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Taylor Rules and the Euro

  • Tanya Molodtsova
  • Alex Nikolsko-Rzhevskyy
  • David H. Papell

This paper uses real-time data to show that inflation and either the output gap or unemployment, the variables which normally enter central banks' Taylor rules for interest-rate-setting, can provide evidence of out-of-sample predictability and forecasting ability for the United States Dollar/Euro exchange rate from the inception of the Euro in 1999 to the end of 2007. We also present less formal evidence that, with real-time data, the Taylor rule provides a better description of ECB than of Fed policy during this period. The strongest evidence is found for specifications that neither incorporate interest rate smoothing nor include the real exchange rate in the forecasting regression, and the results are robust to whether or not the coefficients on inflation and the real economic activity measure are constrained to be the same for the U.S. and the Euro Area. The evidence is stronger with inflation forecasts than with inflation rates and with real-time data than with revised data. Bad news about inflation and good news about real economic activity both lead to out-of-sample predictability and forecasting ability through forecasted exchange rate appreciation.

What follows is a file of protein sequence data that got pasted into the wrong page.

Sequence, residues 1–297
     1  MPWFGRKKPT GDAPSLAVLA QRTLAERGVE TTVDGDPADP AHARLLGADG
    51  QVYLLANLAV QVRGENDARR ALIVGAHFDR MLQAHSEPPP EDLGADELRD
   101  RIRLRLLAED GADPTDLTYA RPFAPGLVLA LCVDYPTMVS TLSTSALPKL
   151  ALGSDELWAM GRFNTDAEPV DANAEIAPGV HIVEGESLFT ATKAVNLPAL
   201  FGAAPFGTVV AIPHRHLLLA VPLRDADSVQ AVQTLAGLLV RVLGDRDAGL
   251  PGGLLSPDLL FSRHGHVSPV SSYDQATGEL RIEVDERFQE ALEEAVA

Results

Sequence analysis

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File URL: http://economics.emory.edu/home/assets/workingpapers/molodtsova_09_03_paper1.pdf
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Paper provided by Department of Economics, Emory University (Atlanta) in its series Emory Economics with number 0903.

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Date of creation: Feb 2009
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Handle: RePEc:emo:wp2003:0903
Contact details of provider: Web page: http://economics.emory.edu/home/journals/
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  1. Gourinchas, Pierre-Olivier & Tornell, Aaron, 2004. "Exchange rate puzzles and distorted beliefs," Journal of International Economics, Elsevier, vol. 64(2), pages 303-333, December.
  2. Francis X. Diebold & Robert S. Mariano, 1994. "Comparing Predictive Accuracy," NBER Technical Working Papers 0169, National Bureau of Economic Research, Inc.
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